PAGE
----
Canadian Medical Association

The CMA’s General Council has a history as old as the association itself. 

For 150 years, members gathered at council – once a year – to propose policies to shape the CMA’s advocacy and operations. 

But a lot has changed since that first General Council in 1867. Important health debates are happening every day. So last year, a task force was created to broaden how the CMA engages members and taps into their expertise and experience.

“The CMA’s greatest resource is its members, and their rich relationship with their patients and their communities,” says Dr. Ann Collins, CMA board member on the task force. “They see what goes on in the health system on a day-to-day basis. And connecting that knowledge back to the CMA is critical.”

Member proposals and communities of interest were both created to build these member connections.

Member proposals provide a direct way for members to bring policy ideas and issues to the CMA, without having to travel to an annual meeting or step up to a microphone. Using an online portal, members can submit proposals at any time of the year and take action on health issues as they arise.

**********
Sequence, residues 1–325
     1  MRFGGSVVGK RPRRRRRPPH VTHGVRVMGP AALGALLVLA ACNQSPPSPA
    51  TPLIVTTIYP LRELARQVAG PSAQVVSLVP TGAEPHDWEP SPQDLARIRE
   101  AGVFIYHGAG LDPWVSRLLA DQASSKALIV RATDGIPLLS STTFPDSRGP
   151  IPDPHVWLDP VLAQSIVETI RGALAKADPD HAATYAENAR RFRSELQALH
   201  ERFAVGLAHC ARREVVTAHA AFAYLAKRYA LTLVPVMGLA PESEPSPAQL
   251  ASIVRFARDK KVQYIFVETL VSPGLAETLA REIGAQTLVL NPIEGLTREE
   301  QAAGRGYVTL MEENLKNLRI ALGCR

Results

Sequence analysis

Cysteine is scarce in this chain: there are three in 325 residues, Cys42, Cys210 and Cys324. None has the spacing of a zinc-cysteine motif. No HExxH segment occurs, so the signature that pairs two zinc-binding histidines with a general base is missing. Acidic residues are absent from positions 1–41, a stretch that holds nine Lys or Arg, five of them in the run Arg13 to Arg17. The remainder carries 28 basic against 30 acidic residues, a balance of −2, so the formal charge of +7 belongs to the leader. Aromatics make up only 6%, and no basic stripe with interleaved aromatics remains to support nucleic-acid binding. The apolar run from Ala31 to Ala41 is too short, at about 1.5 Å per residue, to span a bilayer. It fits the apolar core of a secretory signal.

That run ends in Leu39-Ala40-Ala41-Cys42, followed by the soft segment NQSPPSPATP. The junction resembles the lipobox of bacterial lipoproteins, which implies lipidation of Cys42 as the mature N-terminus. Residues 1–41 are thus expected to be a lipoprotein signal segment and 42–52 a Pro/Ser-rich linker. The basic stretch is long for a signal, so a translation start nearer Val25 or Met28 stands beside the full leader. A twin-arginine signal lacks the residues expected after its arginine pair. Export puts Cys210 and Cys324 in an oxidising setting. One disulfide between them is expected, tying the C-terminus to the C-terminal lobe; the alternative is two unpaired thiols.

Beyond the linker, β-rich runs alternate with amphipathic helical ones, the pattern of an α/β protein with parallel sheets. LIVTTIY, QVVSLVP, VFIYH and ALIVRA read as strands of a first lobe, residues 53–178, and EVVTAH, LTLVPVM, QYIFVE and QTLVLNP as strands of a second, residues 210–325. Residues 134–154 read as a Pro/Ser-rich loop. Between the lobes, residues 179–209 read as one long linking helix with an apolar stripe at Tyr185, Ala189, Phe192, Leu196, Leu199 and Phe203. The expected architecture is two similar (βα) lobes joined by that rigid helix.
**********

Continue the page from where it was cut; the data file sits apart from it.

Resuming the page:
“The most important thing is this [member proposals] allows members direct access,” explains Dr. Collins. “It’s not a once a year thing.”

The CMA’s support for communities of interest is another way to help physicians connect and provide insight on specific health issues. 

These online communities will create a way for physicians to engage with people nationwide – from across the health system – on a common issue or cause. By sharing problems, best practices and possible solutions with a broader group, members of these communities will be able to play an important role in building better care. 

This year, the CMA started a project to help fund these communities and is currently in the process of building an online platform that communities can use to interact.

“It will be like holding a General Council every day of the year, because we’ll have virtual communities debating the solutions,” says CMA President Dr. Laurent Marcoux. “We’ll be able to build health care system change with the people who know it best: physicians.”

The CMA’s connection with members has never been more important; our strength is in our numbers. Member proposals and communities of interest are just two of the measures we’re using to build a network for continuous engagement, and to make sure all our members’ voices are heard.

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